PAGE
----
Brushing teeth has always been a vital part of the human experience, dating all the way back to 3500 B.C. However, today, we do not have to deal with ancient chew sticks, tree twigs, bird feathers, animal bones or porcupine quills to clean our teeth. Instead, thanks to the evolution of dental hygiene products, current toothbrushes range from soft, medium and hard bristles (soft is best) to electric, spin and hybrid brushes. And always remember to use an American Dental Association toothbrush, identified by the ADA seal of approval.
But, the most important fact of all is to brush, and to brush often, using the proper technique. Only by using the proper technique will your toothbrushing be effective enough to remove food particles and plaque, which are the two main contributors to tooth decay.
A proper toothbrushing regimen includes:
brushing teeth twice a day, preferably in the morning and at night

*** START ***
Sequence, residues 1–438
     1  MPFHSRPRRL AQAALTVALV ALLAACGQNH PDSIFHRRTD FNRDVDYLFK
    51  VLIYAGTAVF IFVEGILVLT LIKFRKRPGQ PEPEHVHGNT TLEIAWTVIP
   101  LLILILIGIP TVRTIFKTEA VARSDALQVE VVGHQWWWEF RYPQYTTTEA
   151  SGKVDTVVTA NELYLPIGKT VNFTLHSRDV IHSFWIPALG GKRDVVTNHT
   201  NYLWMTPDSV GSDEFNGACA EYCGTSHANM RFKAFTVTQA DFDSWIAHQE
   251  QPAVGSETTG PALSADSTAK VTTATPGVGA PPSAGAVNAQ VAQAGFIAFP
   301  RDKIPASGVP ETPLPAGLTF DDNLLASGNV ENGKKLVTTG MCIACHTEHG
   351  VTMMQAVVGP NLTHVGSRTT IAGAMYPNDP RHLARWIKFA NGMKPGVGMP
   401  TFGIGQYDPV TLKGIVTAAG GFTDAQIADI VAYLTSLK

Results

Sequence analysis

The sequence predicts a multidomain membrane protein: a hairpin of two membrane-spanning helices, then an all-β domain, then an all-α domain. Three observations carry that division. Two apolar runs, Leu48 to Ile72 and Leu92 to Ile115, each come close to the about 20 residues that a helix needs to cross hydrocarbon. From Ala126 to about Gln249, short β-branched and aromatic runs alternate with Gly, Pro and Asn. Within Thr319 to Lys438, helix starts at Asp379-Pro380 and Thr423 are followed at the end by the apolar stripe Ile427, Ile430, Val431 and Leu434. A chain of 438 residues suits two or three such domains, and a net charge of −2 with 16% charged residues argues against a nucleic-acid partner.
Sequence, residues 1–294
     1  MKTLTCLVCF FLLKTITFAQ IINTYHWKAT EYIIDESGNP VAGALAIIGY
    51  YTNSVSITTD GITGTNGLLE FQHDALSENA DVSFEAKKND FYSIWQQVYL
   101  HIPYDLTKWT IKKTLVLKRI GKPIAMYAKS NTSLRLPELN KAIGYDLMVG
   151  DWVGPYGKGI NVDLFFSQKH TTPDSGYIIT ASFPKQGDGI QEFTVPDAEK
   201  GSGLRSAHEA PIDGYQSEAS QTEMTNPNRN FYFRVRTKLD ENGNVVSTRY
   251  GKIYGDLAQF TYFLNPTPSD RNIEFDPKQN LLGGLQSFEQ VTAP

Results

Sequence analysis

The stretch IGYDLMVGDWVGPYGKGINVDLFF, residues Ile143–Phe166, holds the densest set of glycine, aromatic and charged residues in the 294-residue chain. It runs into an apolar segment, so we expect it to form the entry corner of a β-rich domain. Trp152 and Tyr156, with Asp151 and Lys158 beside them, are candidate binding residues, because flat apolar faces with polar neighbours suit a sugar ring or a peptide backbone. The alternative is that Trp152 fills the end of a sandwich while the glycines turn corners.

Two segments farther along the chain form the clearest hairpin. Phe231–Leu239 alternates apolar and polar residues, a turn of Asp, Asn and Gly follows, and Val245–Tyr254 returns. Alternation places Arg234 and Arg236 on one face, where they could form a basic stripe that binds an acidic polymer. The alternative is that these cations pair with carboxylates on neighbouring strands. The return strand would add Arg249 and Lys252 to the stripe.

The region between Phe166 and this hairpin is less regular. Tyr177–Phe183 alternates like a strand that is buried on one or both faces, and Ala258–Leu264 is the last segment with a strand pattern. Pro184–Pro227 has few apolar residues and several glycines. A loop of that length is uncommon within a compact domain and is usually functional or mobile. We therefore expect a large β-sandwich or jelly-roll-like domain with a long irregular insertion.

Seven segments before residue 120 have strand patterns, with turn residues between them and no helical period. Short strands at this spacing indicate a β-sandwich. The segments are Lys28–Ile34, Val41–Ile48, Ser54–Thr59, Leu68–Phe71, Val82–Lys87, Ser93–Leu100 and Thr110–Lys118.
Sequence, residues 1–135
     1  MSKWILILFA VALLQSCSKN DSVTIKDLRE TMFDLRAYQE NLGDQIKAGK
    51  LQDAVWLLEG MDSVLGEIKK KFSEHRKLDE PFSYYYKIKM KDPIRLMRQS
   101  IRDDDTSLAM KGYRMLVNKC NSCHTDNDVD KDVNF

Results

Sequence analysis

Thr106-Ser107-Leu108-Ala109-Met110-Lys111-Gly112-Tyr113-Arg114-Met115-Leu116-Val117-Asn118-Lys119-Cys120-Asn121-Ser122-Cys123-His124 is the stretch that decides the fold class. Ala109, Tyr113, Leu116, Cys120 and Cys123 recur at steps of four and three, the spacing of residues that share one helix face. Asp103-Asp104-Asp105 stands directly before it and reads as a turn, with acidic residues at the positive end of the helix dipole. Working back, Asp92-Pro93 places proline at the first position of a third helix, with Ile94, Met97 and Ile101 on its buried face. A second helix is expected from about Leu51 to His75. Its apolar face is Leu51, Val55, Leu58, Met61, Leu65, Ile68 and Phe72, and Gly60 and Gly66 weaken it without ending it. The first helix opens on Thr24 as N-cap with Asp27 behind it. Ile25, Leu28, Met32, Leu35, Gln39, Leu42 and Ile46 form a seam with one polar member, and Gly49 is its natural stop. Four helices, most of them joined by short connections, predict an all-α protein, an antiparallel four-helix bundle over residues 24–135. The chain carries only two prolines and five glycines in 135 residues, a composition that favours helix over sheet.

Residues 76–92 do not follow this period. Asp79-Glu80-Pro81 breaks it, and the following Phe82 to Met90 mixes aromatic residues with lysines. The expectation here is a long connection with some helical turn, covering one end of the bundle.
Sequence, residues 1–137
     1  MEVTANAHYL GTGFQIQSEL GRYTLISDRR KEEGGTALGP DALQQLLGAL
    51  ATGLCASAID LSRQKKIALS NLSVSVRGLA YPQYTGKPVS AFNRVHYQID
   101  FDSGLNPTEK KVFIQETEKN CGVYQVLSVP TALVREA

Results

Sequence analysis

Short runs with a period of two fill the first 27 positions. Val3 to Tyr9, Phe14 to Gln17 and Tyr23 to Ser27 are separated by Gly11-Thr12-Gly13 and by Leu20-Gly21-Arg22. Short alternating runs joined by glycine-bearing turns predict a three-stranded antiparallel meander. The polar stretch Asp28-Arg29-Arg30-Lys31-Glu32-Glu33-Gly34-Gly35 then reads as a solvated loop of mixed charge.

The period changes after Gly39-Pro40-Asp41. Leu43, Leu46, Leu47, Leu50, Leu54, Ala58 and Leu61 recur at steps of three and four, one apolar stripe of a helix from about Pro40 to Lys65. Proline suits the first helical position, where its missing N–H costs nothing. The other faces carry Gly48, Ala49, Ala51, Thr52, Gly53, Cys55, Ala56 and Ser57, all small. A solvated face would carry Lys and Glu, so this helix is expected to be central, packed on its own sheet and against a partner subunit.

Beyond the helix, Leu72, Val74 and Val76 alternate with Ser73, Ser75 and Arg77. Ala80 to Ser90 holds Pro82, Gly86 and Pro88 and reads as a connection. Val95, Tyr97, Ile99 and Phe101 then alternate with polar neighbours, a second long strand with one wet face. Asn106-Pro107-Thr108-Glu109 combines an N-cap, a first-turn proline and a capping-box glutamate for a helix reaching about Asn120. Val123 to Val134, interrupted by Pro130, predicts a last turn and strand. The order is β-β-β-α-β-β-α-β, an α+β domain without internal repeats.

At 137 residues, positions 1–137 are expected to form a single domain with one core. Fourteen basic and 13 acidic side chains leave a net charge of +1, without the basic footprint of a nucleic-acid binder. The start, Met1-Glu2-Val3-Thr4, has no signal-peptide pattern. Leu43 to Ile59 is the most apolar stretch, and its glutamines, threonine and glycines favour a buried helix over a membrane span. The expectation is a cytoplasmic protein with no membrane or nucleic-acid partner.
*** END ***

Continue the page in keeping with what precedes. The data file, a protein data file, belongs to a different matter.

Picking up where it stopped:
flossing your teeth first, then
using a fluoride toothpaste
brushing your teeth for at least two minutes
using the correct toothbrush for your teeth and gums as identified by your dentist
brushing gently to not disturb your gums
brushing the outer tooth surfaces of two to three teeth at a time, using a back and forth motion, then moving your toothbrush to the next group of two to three teeth and repeating the process
maintaining a 45-degree angle with your toothbrush bristles, contacting both the tooth surface and gum line, gently using back, forth, and rolling (or sweeping) motions along all the inner tooth surfaces
tilting your toothbrush vertically behind the front teeth. making several up and down strokes using the front half of your toothbrush
placing your toothbrush against the biting surface of your teeth, then, using a gentle back and forth scrubbing motion. brushing your tongue, from back to front, to remove any odor-producing bacteria
thoroughly rinsing your toothbrush, after each teeth cleaning, and then storing your toothbrush upright and uncovered, so your toothbrush can dry out before its next use
remembering to replace your toothbrush every three to four months. Thousands of microbes grow on your toothbrush bristles and handle. These microbes can cause cold and flu viruses, as well as the herpes virus that causes cold sores, plus generate bacteria that causes periodontal infections
Proper brushing is your number one proactive measure for preventing tooth decay. Do yourself a favor and make toothbrushing an important part of your day. Your teeth will thank you.